Category Archives: Refugees

IKEA Foundation Grants $53 Million to Support Children’s Right to Play

War and conflict. Poverty. Gender discrimination. Growing up too fast. These are just some of the reasons children in some of the poorest countries around the world are not allowed to play. Play makes children healthier and more resilient. It heals some of their greatest wounds and helps them remain kids without growing up too soon. Additionally, play is every child’s fundamental right according to Article 31 of the UN Convention on the Rights of the Child. Unfortunately, millions of children around the world aren’t allowed to play.

IKEA is a global leader in the power of play not only in their stores but also in countries where children are routinely denied the right to play. That’s why the IKEA Foundation has granted $53 million to six leading global organizations that work with children and promote play including Handicap International, Save the Children, Special Olympics, Room to Read, UNICEF and War Child for its good cause campaign, Let’s Play for Change.

These six organizations will focus their efforts on helping children in Asia and Africa in countries such as Kenya, Bangladesh, Jordan, and Ethiopia. “Every child has the right to play. Stimulation through play is a critical part of a young child’s brain development and emotional well-being,” said Per Heggenes, CEO of the IKEA Foundation.

“Sadly, there are too many places around the world where devastating circumstances prevent children from simply being ‘kids’. Through the Let’s Play for Change campaign, we want to alleviate challenges to play and development in some of the world’s most vulnerable communities.”

Learn more at ikeafoundation.org.

One World Play Project

Haiti.Jacmel.GoalsBeyondtheNet-667x500Another business that promotes play is the One World Play Project, a mission-driven company based in Berkeley, CA that makes resilient toys designed for rough terrain—fields scattered with rocks, thorns, and broken glass—where most of the world plays.

When you buy a One World Futbol ($39.50-$44.50 depending on the color), One World Play Project gives a Futbol to a community in need. The One World Futbol never needs a pump and never goes flat. If you just want to give a Futbol, the price is $25.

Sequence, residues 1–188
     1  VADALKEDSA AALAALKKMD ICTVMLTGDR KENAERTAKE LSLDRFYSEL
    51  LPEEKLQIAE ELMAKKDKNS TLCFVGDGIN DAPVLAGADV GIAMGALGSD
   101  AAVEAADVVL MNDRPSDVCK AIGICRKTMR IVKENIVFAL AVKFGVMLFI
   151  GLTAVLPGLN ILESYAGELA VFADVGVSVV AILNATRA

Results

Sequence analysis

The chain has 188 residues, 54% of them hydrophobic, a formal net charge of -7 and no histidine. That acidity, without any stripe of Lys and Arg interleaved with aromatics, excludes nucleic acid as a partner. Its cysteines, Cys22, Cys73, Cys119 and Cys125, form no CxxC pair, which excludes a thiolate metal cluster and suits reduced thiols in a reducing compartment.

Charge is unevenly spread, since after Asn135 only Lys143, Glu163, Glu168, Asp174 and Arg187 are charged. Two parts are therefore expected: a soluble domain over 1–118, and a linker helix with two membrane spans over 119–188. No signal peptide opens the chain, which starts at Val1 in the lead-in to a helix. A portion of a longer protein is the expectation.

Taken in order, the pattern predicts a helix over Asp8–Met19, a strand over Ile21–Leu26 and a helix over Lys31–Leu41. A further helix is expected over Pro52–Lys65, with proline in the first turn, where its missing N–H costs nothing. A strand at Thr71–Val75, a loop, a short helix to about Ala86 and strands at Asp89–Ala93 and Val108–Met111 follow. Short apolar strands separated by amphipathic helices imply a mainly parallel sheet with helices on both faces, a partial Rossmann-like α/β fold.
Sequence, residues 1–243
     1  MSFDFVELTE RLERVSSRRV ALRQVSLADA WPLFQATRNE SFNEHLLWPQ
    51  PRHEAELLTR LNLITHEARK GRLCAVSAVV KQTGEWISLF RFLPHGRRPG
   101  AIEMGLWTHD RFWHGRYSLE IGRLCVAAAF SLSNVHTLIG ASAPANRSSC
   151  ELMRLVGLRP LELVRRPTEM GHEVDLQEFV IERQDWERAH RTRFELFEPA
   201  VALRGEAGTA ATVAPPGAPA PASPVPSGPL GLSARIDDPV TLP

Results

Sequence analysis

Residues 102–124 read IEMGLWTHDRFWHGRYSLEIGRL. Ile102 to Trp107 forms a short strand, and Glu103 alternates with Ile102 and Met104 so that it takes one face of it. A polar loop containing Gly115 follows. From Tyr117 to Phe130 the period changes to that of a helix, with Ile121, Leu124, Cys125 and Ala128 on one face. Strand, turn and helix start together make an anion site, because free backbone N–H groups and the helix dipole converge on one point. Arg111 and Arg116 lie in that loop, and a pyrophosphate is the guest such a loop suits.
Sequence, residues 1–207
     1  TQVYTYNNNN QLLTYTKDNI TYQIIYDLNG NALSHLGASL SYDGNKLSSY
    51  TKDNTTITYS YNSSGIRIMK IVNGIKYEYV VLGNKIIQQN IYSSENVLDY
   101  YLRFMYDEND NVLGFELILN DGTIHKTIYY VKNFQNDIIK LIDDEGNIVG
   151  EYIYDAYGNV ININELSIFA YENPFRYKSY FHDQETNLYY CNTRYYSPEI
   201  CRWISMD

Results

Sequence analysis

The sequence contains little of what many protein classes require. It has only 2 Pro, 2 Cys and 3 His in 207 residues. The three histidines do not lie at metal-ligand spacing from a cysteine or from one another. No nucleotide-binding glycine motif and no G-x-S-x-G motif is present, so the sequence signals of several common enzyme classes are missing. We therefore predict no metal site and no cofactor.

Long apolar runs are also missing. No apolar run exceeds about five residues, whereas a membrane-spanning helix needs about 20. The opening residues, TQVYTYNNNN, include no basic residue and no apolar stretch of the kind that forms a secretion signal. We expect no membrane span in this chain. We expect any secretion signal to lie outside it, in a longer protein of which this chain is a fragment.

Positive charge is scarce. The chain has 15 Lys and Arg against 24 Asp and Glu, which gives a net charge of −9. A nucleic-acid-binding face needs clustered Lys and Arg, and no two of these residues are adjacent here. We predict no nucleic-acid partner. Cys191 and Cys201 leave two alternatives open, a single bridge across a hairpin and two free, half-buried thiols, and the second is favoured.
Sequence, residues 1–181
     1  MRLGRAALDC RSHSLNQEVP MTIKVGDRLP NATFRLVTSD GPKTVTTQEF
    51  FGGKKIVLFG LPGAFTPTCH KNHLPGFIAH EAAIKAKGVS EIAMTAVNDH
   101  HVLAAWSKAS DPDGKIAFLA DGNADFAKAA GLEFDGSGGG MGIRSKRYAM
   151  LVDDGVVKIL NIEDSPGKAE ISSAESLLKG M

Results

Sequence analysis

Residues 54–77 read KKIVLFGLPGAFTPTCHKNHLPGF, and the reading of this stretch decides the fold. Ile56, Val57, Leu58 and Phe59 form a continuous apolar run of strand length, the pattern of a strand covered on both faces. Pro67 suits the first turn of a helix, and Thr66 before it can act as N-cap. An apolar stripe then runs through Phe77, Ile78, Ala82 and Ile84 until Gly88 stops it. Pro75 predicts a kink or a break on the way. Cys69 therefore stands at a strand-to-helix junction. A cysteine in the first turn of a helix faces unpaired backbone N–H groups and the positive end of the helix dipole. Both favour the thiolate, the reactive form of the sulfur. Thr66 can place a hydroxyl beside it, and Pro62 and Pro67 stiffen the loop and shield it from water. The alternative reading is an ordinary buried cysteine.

After seeing impoverished communities around the world where kids have made balls out of anything they can find, I know how important a simple ball can be for kids and their overall mental and physical health.

Learn more at oneworldplayproject.com.

Where Have 4.8 Million Syrian Refugees Gone?

Jeffrey H. Cohen, The Ohio State University

The Syrian civil war has entered its fifth year with few signs of ending.

The fighting has forced more than 13.5 million Syrians to flee their homes. Most of the displaced have not left Syria, but have simply moved around the country in an attempt to get out of the way of the fighting.

But approximately 4.8 million others have traveled beyond their nation’s borders in a search for security.

In my book Cultures of Migration, I argue that mass migrations and refugee crises don’t simply happen. They have a history and a trajectory. That work has led me to ask: Who are the Syrian refugees? What made their migration happen?

Continue reading Where Have 4.8 Million Syrian Refugees Gone?

Only a Global Response Can Solve Europe’s Refugee Crisis

Phil Orchard, The University of Queensland

The recent deaths of asylum seekers attempting to reach European shores have prompted ongoing calls for action. But, given the scale of the issue, only a comprehensive, global program can go some way to solving the crisis.

The UN High Commissioner for Refugees (UNHCR) notes that more than 366,000 refugees have arrived in Europe by sea so far in 2015. And 80% have come from the world’s top ten refugee-producing countries, including half from Syria.

This can be a deadly voyage. The International Organisation for Migration reports that at least 2373 migrants have already died trying to reach Europe this year.

Continue reading Only a Global Response Can Solve Europe’s Refugee Crisis